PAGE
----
Deemed as one of the “celebrity politicians” of the 20th century, William Jennings Bryan was a famous American politician during the last decade of the 19th century and the first quarter of the 20th century. A first-rate orator, Bryan was also accredited for introducing ‘stumping tour’ in America. All his life, he lived in the glare of publicity and was active in politics till his last breath. Often dubbed as the hero of common man, Bryan was an advocate of laissez-faire and worked every inch towards it. Standing three times as a Democratic Party candidate for President of the United States (1896, 1900 and 1908), he could not win in all his three attempts. Nevertheless, he was appointed the Secretary of State under democratic president, Woodrow Wilson, where he proved his mettle as a decision-maker. He was opposed to Darwin’s theory of evolution and this made him a little unfavorable; he was often criticized for his religious fervor too. He never accepted Darwinism as he considered it a menace on Christianity and democracy. He even propelled an anti-evolution campaign to stop the spread of Darwin’s theory in schools and church. Despite his religious extremism, he never really lost the full support, respect and approval of his followers. He was one of very few politicians of his age who were admired for their persona more than their political stance.
Childhood & Early Life
William was born to Silas Lillard Bryan and Mariah Elizabeth Bryan and was baptized at the age of 14 at the Cumberland Presbyterian Church.
He was mostly home-schooled and was admitted to Whipple Academy in Jacksonville, Illinois in 1874.
After finishing high school, he attended the Illinois College, from where he graduated in 1881.
He entered the Union College of Law and upon the completion of law studies in 1883, he joined the Illinois State Bar.
He stayed in Illinois and practiced law, before moving to Lincoln, Nebraska in 1887.
Continue Reading Below
You May Like
In 1890, he won the election to the U.S. House of Representatives as a democratic candidate.
An excellent orator, he always took the lead when it came to delivering speeches. In 1896, when the silver market was on a decline, he addressed the Democratic National Convention, supporting ‘free silver’, which according to him was essential for the prosperity of the nation.
In 1896, he stood in the Presidential election and was (still is) the youngest candidate ever to contest this election, but eventually lost the election.
In 1898, he supported the Spanish-American war, but when the U.S. annexed Philippines, he raised his voice against it. He censured their imperialism, stating that the U.S. should not follow the footsteps of the Great Britain and their colonialism.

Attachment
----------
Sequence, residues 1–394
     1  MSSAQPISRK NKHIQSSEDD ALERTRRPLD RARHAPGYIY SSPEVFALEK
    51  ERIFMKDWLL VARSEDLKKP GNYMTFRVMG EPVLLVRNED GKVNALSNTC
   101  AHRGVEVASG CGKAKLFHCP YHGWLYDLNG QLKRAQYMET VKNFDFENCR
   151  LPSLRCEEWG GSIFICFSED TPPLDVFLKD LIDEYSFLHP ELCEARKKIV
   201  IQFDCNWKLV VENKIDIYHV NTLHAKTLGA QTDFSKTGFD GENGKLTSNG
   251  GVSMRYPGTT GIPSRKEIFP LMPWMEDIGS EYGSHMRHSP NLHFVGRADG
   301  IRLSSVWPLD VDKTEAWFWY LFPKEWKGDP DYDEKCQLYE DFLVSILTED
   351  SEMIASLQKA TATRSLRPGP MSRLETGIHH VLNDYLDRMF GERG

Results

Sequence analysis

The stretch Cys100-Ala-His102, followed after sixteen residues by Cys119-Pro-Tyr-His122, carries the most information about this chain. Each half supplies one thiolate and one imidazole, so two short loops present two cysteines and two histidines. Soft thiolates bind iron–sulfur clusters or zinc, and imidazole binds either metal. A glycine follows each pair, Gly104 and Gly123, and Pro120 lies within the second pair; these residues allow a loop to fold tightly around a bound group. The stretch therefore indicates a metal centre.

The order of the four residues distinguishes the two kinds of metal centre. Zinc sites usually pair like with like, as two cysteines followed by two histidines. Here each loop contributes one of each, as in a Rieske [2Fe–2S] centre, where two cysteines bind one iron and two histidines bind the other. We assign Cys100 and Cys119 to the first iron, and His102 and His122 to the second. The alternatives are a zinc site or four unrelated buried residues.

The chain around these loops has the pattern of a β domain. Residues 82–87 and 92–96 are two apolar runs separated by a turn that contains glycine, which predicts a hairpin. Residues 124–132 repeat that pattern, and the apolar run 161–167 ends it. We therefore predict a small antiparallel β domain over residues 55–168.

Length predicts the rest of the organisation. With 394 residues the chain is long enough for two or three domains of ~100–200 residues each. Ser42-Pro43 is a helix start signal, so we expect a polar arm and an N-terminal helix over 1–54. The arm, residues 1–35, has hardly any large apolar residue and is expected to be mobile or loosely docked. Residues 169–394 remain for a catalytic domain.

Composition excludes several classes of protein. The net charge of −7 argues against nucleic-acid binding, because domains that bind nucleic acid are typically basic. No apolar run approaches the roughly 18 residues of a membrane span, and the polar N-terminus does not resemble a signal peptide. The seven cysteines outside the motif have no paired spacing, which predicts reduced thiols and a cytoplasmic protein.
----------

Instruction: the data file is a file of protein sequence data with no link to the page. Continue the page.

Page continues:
He fought the 1900 Presidential election on the plank of anti-imperialism but lost to Republican candidate, William McKinley.
In 1908, he made a third and his last unsuccessful attempt at the Presidential election.
Following his loss at the Presidential elections, he remained busy as a Chautauqua (adult education movement in the U.S.) speaker, perpetuating religious ideologies.
For his ardent support towards Thomas Woodrow Wilson in the presidential election of 1912, he was appointed the Secretary of State in 1913.
He resigned from the office in 1915 and campaigned as a private citizen for Woodrow Wilson the next year.
Continue Reading Below
After his national campaign, the 18th Amendment of United States Constitution, which prohibited production, transport and sale of alcoholic beverages, was passed in 1918.
In 1920, he severely criticized the theory of evolution (Darwin’s theory), stating it as a threat to democracy and Christianity.
He launched an anti-evolution campaign in 1921 and in order to uproot this philosophy he ran for the post of Moderator of the General Assembly of the Presbyterian Church in the USA but he eventually lost.
In 1925, he participated in the ‘Scopes trial’ in which a high school teacher, John Scopes was found guilty of violating the ‘Butler’s Act’, according to which it was unlawful in Tennessee to teach human evolution. Though the case was initially won by Bryan, the Supreme Court reversed the verdict which led to the acquittal of Scopes.
As the Secretary of State, one of his main accomplishments was to get 28 signatories to abstain from hostilities during arbitration of disputes, before World War I.
He was also instrumental in the Bryan–Chamorro Treaty in 1914, which allowed the U.S. to build a canal across Nicaragua and also gave the permission to form naval bases at the Gulf of Fonseca and on the Corn Islands.
During his presidential campaigns, he advocated Free Silver (for the progress of the nation), anti-imperialism (in protest the annexation of Philippines), antitrust law (to maintain market competition).
Towards the end of his political career, he participated in the controversial ‘Scopes’ trial’ in which he denounced Darwinism and the theory of evolution.
Personal Life & Legacy
Bryan married Mary Elizabeth Baird on October 1, 1884 with whom he had three children.
Five days after the ‘Scopes’ trial’, he died in his sleep and was interred at the Arlington National Cemetery, where his tombstone reads "He kept the Faith."
The ‘Bryan County’ in Oklahoma is named after the politician. The Bryan College in Dayton, Tennessee is also named after him while his house in Nebraska was declared a historic landmark.
This famous American politician was and still is the youngest ever candidate to run for the Presidential election.
This renowned American politician was the first presidential candidate to campaign in a car!